Coastal banksia
Proteaceae - Banksia integrifolia
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What does it look like?

Coastal banksia is a large, long-lived shrub or small tree that grows up to about 15m high.  Leaves are narrow oval/spoon-shaped, leathery, and dark, shiny green on the upper surface with white beneath. Individual flowers, appearing in May-July, are very narrow (10 - 15mm) and greenish-yellow; forming upright, broad cylinders 9 - 12cm long. Hard wooden cones follow, with a covering of brown felt-like hairs, which may stay on a tree for a long time after flowering. The flowers produce nectar that is attractive to birds like tui. Preferred habitat is within 50km of the coast, ranging from coastal dunes to subalpine tussock grasslands.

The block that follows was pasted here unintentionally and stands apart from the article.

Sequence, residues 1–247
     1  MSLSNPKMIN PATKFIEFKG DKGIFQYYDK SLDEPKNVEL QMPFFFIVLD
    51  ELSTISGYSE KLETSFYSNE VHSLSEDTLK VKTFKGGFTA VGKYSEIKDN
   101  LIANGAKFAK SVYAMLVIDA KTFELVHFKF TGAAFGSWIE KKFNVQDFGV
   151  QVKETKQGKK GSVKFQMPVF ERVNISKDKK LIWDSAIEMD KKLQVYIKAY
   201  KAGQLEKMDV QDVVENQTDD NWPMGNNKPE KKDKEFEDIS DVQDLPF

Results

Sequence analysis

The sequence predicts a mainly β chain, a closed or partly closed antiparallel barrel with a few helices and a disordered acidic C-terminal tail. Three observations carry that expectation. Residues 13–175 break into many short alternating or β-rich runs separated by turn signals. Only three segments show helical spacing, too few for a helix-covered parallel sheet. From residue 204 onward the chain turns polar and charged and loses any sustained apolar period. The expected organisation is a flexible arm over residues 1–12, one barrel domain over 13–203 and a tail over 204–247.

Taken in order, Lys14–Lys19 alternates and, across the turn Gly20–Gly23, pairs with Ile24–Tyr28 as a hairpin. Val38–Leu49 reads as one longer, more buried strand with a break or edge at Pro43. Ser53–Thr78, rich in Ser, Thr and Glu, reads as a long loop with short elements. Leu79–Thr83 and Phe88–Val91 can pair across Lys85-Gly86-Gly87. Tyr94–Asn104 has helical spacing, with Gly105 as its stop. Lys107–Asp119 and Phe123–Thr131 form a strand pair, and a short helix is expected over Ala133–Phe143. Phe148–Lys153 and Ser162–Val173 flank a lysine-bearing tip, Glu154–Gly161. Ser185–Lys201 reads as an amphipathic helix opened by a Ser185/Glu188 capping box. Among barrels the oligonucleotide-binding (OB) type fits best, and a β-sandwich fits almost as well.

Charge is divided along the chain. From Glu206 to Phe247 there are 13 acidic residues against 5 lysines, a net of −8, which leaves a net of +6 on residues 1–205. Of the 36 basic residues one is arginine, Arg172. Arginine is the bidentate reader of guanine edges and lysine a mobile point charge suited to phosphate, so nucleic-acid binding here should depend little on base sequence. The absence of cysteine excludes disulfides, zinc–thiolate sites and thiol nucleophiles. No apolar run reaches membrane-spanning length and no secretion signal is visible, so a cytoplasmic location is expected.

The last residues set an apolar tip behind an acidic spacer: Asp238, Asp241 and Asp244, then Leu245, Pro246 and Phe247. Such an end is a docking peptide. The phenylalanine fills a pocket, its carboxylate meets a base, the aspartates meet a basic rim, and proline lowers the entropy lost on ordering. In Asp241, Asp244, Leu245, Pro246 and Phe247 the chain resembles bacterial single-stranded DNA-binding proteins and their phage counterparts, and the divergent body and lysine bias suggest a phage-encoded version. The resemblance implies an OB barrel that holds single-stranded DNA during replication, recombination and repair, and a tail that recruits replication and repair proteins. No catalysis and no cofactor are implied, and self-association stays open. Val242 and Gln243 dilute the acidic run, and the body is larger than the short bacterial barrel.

Why is it a problem?

Coastal banksia is tolerant of a wide range of habitats and conditions, including salty soils and estuaries. It is drought and frost tolerant, but prefers well-drained soils. Coastal banksia is likely to outcompete native plants as it is fast growing with a high seed output. Flowering begins at around 4 - 6 years from seed. Unlike some banksias, the seed is released spontaneously on reaching maturity in late summer.  Seed is wind dispersed up to at least 300m.

Control Methods

Physical control

  • Pull small seedlings

Herbicide control

  •  Cut & stump paint larger specimens with Vigilant gel.
Follow up to check for seedlings.

Related Links

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